Being a family friendly environment most of the women who are here for the workshop brought their families. My husband is here with my youngest son and he was hanging out at the swimming hole with two other of the attendee’s families. One of the local guys concocted a name for them-he said “oh you must be here with the wannabe midwives-or midies as we like to call them-Hey You guys are the Mighty Midi Men!”
It is funny-I had intended on writing this blog nightly and posting it right away. This is impossible for two reasons 1. We are in the middle of the 1750 acres of Tennessee woods-reception (phone or internet) not so much and 2. The workshop pretty much has us going from 8:30am-9:30pm. Not much time for writing at the end of the day. So I will just do what I can when I can.
Today we learned about what is expected of a midwife assistant. We had a very lively and fun day of classes taught by Stacie Hunt (Pamela’s daughter-in-law). I love to hear stories about births on the farm-I especially love to hear stories about attending the Amish women in birth. Sometimes the midwife wouldn’t arrive on time to catch a baby-when you are working on baby 15, 16, or 17-chances are they may come quick.
Oh and never forget of course “if its wet and its not yours-don’t touch it.”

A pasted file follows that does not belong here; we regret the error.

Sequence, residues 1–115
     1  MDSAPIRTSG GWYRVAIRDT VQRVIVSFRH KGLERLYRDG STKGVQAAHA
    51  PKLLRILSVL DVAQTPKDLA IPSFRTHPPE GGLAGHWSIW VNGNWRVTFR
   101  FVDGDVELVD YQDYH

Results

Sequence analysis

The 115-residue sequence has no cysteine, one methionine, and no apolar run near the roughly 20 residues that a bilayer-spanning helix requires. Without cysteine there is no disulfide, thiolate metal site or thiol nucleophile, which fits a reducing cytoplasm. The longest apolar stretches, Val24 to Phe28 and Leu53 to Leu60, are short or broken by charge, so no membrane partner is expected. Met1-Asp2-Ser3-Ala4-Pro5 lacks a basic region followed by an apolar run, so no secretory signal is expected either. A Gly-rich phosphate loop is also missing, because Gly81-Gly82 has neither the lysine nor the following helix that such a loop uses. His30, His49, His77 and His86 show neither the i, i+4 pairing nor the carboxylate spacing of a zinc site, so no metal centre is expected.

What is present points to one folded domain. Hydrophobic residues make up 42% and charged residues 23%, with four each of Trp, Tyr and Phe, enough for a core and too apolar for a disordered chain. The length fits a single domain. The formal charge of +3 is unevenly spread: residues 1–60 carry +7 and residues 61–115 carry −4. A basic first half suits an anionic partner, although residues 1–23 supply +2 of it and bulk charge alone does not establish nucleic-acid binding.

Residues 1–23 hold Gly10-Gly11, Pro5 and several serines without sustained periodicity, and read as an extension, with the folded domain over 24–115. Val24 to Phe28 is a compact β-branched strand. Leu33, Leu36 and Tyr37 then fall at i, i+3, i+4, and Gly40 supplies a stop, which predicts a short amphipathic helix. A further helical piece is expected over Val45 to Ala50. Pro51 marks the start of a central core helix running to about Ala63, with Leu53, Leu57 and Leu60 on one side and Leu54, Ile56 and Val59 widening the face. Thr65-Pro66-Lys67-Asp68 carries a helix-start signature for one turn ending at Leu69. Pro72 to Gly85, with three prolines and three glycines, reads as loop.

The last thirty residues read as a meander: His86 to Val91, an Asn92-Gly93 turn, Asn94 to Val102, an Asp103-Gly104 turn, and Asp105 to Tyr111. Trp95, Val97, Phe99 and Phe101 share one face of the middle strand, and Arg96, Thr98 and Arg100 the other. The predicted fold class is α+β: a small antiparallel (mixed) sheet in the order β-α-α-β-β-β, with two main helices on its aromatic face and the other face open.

Did you ever have one of those “A-ha” moments where you realized that every decision you had made in your life up until that point has led you exactly where you were meant to be. I had never felt more certain that I was on the right path.
Ina May spoke to us about the history of women’s medicine and midwifery. She covered many topics that I have long been passionate about or have considered an important part of my studies. She talked about the European witch-hunts as well as the Salem witch trials. I am sure most of us know that many of those persecuted women were the healers and midwives. She brought up a very interesting question-why did the midwife survive in Europe and not in the U.S. when thousands more women were murdered in Europe-what was the difference? There were many factors involved of course, some of which included racism, and the balance of power. The “bullies” took over. The propaganda against the midwife was powerful. She encouraged all of us to uncover the hidden story. She reminded us that we couldn’t go forward into the future of this field if we don’t know the history for ourselves. There is a connection and I know many of you have felt it and its important to honor that tie to women who have come before us and carry their memory with us to guide and support us along the way.
“Women never got the power back and that’s what we are going to do now.” I loved the way she said this-she didn’t say we need to do this or we should try to do this she said that’s what we must do now! This is how we will revive midwifery and the basic act of treating women well. We are going to educate ourselves and practice. We are going to “tell the stories and lay the evidence.”
About Simone Snyder